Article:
Bresenham's Line Algorithm
Bresenham's Line Algorithm is a way of drawing a line segment onto a square grid. It is especially useful for roguelikes due to their cellular nature. A detailed explanation of the algorithm can be found here.
In libtcod it is accessible using
line(x1, y1, x2, y2, callback). Below are several hand-coded implementations in various languages.
Here is a simple way of using the algorithm in C# with delegates.
Here's a C++ version; plot() draws a "dot" at (x, y):
A template metaprogram implementation (requires the Boost.MPL library):
Here's a Lua port:
This Python version returns a list of (x, y) tuples. It was converted from the Ruby version below, but also reverses the list to begin with the first coordinates.
Here's a Ruby version, it returns an array of points, each being a hash with 2 elements (x and y).
Here is a generic way of using the algorithm in VB.NET using delegates.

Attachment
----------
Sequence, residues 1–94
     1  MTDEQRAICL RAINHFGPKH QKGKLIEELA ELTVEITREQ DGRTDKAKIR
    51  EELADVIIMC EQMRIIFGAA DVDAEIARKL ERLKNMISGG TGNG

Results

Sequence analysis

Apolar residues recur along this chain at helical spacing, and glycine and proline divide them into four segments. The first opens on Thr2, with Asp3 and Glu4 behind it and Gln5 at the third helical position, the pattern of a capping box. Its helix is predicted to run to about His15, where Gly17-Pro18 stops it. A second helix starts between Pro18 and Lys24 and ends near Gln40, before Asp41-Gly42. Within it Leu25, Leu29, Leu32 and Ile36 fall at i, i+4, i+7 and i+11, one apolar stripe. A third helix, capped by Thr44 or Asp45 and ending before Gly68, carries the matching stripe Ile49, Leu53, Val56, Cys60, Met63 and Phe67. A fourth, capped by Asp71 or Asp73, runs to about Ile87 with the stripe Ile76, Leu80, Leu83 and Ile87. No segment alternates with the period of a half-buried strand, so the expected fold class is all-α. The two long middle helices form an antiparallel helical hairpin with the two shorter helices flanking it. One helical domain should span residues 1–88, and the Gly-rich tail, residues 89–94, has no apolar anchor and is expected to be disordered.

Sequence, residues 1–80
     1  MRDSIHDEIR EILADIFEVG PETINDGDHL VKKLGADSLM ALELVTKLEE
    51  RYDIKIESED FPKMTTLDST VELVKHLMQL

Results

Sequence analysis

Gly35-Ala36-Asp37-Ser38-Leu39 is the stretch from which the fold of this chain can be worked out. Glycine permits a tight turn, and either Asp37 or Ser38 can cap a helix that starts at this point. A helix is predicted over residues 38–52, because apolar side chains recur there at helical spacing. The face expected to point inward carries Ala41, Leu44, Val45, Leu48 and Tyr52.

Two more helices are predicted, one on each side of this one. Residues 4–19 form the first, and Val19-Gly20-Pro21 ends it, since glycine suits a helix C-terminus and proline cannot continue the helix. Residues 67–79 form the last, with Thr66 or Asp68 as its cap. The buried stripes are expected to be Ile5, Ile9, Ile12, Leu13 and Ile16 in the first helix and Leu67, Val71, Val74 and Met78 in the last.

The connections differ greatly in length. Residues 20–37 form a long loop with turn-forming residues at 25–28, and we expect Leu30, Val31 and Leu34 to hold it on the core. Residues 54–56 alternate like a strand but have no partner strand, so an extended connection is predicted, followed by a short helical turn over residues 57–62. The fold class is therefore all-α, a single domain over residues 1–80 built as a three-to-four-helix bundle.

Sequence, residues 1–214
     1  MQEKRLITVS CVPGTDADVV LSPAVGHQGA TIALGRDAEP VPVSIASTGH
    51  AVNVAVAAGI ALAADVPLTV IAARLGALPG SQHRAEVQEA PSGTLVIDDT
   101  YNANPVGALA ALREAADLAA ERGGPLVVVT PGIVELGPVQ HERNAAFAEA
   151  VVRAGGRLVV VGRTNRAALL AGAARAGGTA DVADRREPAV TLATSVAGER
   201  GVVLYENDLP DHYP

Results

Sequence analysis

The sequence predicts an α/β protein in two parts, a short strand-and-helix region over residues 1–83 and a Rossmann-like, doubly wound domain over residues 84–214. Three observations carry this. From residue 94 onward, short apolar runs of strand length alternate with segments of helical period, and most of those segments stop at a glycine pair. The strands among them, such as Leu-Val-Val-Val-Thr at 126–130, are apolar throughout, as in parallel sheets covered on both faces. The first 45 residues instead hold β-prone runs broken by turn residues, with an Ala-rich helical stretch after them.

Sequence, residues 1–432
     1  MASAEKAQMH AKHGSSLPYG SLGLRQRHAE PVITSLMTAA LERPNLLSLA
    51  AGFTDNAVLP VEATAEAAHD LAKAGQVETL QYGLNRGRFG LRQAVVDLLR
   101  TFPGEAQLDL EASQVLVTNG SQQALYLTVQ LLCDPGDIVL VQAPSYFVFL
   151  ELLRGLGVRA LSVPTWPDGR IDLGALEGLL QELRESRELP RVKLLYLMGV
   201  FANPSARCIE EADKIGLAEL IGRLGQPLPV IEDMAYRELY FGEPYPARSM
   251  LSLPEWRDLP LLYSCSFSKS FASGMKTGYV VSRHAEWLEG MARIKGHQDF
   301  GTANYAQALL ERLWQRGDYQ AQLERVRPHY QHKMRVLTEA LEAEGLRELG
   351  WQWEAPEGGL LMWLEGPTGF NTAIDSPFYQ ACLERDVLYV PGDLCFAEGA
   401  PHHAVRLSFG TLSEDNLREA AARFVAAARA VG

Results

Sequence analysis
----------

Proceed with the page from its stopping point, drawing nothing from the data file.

A slightly verbose version in Haskell. See the discussion page for a variant one line shorter, but IMHO less readable. I bet other version, more readable and more succinct, can be written.
Here's an ActionScript implementation that creates a Line object with an array of points.
This is a translation for golang from the Python example above, it returns a slice to a struct that contains two ints.
Adapted from the C# example above, but improved so line is drawn in original direction. Demo here: .
This is a translation for Rust from the Go example above, it returns a Vec of structs that contains two ints. (tested rustc ver 1.14.0)